The Six Styles of Entrepreneurial Leadership

by Ronald E. Merrill, Henry D. Sedgwick

Mar 1, 1995

(TMA Global)

Too much literature preaches "good management" as if it were a generic skill that comes in a plain white box. The reality is that there are all sorts of ways to manage and all of them can work. Entrepreneurs classically will recognize themselves in each of the following styles, or a combination of several styles. The challenge is to match your own style with the needs of the company.

Many entrepreneurs prefer to run their businesses single-handedly, to maximize their’ independence. There are three ways to run a company without management assistance: the Classic, the Coordinator, and the Craftsman.

The Classic

This is the traditional entrepreneurial management style. It’s also known as the "watch it all yourself" mode of operation. You hire people but you insist on tight, personal monitoring and supervision. And of course, you’ll do all of the really critical jobs yourself.

If this is your style, you are probably unwilling to admit it. People criticize entrepreneurs for being unwilling to delegate. Management consultants contemptuously exhort entrepreneurs to reform their evil ways, to cure themselves of the neurotic need to supervise everything personally.

But this is a perfectly legitimate way to run a company—as long as you convince yourself some where along the line that it’s OK to delegate, and that it’s OK not to delegate. It’s pretending to delegate that spells sure disaster for these types of leaders.

Because you think you are using team management, these types of leaders let the business become too big and too complex to run alone. So they hire managers to join their team, convinced they are empowering them with authority. Unfortunately, you don’t really trust them, and hence, you keep yanking back the reins. Your subordinates quickly become disillusioned and the leader is left thinking "I just can’t keep good people."

Confront the problems of this management style head on by deciding whether or not you are a leader who can delegate. If you cannot delegate, then by virtue of your decisions, you must limit the complexity of the business.

The Coordinator

An alternative to the classic style is the coordinator method, whereby leaders can run a fairly good-sized business with just a handful of employees. This type of business structure is sometimes called a "virtual corporation" and the essence of its style is that most of the sub-tasks are jobbed out. The leader does little more than organize the enterprise and verify that everything gets done.

In theory, this type of entrepreneur can job everything out: arrange for the product to be manufactured; get brokers and reps to sell it; hire an accounting firm to handle the books and sell your receivables to someone else to do the collections. In real life, however, even this type of entrepreneur has to do some of the work—so pick the parts you enjoy and sub the rest out.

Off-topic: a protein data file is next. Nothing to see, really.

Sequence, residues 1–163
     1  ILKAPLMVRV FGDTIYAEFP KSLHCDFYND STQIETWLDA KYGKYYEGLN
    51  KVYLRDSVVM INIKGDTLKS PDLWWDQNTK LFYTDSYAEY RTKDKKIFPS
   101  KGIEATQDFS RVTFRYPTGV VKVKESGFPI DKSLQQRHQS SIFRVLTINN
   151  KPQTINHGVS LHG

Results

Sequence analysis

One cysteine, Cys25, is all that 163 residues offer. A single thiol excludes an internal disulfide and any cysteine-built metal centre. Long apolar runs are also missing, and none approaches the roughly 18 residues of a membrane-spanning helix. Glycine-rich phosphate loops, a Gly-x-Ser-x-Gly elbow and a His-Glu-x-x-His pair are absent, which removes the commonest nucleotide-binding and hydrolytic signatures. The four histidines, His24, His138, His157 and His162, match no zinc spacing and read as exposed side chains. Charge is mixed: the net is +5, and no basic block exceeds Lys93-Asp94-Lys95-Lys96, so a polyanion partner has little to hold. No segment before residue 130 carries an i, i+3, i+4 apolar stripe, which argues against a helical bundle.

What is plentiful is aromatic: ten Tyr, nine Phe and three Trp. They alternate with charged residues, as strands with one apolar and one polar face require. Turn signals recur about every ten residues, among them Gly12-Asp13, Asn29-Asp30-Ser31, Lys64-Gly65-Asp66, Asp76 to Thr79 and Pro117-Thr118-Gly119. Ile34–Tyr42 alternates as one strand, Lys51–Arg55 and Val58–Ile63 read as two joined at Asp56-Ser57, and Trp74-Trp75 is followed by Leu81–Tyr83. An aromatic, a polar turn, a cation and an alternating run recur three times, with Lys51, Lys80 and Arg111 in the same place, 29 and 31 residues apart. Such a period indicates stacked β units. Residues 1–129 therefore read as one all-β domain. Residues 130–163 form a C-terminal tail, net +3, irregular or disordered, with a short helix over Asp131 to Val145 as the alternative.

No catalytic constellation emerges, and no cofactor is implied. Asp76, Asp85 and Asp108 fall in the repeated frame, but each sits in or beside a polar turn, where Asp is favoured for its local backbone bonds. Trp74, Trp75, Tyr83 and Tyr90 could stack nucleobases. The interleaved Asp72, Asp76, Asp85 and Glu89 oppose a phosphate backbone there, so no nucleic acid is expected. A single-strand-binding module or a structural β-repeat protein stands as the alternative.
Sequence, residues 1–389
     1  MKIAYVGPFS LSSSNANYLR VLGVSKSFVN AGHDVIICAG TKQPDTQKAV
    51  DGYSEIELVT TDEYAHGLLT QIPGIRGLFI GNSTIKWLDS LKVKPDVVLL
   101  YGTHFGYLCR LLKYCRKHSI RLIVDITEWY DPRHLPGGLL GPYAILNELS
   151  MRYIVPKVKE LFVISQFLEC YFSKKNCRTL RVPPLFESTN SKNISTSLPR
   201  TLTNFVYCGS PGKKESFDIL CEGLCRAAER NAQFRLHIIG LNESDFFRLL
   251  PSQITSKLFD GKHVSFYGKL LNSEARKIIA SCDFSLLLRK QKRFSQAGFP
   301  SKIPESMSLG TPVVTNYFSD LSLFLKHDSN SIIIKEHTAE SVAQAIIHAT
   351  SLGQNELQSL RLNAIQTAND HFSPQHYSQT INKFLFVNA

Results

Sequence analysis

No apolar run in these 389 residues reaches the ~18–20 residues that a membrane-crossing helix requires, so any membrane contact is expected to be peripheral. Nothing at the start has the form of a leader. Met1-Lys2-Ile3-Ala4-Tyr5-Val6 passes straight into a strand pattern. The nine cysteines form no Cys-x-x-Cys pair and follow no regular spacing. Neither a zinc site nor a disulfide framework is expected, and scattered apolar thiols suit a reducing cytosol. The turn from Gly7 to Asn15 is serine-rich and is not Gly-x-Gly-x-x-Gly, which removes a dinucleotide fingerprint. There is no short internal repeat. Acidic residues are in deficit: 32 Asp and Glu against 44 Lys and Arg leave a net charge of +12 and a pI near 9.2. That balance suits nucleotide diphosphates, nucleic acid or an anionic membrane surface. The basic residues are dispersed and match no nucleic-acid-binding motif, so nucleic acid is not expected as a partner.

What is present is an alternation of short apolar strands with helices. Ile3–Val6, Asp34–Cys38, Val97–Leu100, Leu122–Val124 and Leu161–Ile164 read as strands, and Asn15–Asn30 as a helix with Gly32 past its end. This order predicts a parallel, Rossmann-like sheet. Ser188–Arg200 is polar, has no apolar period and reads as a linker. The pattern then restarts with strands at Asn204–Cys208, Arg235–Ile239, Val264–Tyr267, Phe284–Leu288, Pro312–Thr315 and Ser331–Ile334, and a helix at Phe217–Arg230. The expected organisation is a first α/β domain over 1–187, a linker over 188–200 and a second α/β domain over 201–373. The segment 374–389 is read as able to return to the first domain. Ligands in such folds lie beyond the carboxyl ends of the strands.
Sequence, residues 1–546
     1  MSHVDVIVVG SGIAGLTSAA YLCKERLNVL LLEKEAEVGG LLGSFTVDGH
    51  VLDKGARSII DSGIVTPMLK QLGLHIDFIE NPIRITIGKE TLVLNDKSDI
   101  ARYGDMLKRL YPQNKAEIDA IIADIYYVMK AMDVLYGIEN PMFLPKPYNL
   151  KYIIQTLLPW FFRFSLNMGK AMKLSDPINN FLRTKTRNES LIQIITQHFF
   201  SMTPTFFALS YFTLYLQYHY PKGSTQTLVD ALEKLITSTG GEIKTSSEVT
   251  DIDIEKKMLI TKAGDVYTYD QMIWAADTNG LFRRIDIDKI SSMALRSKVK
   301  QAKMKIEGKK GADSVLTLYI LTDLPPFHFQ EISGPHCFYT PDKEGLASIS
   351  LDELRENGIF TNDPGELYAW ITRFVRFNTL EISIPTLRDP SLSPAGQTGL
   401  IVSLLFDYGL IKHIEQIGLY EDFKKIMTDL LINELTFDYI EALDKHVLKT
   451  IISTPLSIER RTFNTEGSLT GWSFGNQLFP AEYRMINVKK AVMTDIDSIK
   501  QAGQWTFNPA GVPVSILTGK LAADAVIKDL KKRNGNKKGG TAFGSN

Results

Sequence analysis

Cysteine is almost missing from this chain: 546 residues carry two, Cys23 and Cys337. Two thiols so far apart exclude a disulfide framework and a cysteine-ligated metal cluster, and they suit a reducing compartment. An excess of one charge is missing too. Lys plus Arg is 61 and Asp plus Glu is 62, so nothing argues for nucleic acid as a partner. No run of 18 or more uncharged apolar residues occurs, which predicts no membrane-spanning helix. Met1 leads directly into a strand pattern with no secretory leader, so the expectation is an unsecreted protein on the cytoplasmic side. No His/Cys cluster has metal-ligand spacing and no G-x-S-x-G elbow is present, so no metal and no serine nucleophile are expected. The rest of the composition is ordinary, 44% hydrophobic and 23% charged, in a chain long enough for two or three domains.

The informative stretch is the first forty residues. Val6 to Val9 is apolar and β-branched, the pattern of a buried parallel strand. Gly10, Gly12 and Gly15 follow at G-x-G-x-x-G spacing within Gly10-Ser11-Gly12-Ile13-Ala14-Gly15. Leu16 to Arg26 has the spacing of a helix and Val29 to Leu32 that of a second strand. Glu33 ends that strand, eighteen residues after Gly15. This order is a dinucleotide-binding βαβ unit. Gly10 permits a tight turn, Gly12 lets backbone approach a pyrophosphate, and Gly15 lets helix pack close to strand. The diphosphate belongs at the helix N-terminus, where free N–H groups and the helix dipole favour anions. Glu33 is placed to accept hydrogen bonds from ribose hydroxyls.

A coordinator can grow a multi-million-dollar business without a single employee. If you’re willing to have a few assistants, you can grow even bigger. So why isn’t the coordinator style more popular? Theory has it that it has to do with the conservatism of most leaders—the plain fact that work is cheaper if produced in-house. That, however, is generally false economy.

One cardinal error is calculating costs without accounting for the value of time. It’s true that it costs an entrepreneur "nothing" to say, solder circuit boards, but is that the best use of the time available? If you answered "yes" to that, read on.

The Craftsman

Craftsmen are leaders who maximize their control over business by doing everything themselves. Obviously this approach, like the classic approach, limits the size of the business. This style makes sense if the business’ biggest concern is the quality of the output. It’s an attitude characterized by craft types, although many entrepreneurs in other businesses also adopt this style.

There are advantages to doing everything: everything is done "right" because the expert does it; expenses are minimized; and operating without employees can simplify your life. The only problem with this rosy scenario is that the leader must do the tasks he or she likes, as well as the ones disliked. Advice for the craftsman: streamline your business and job out those tasks you don’t like.

Focusing on Management Styles

In the end, all the single-leader styles impose limitations on the business. It cannot grow indefinitely unless a group of people shares in the authority and responsibility. For those leaders who feel most at home in single-style management, stay clear of large, growing businesses. Evaluate how large of an operation you want to lead and follow your instincts toward success.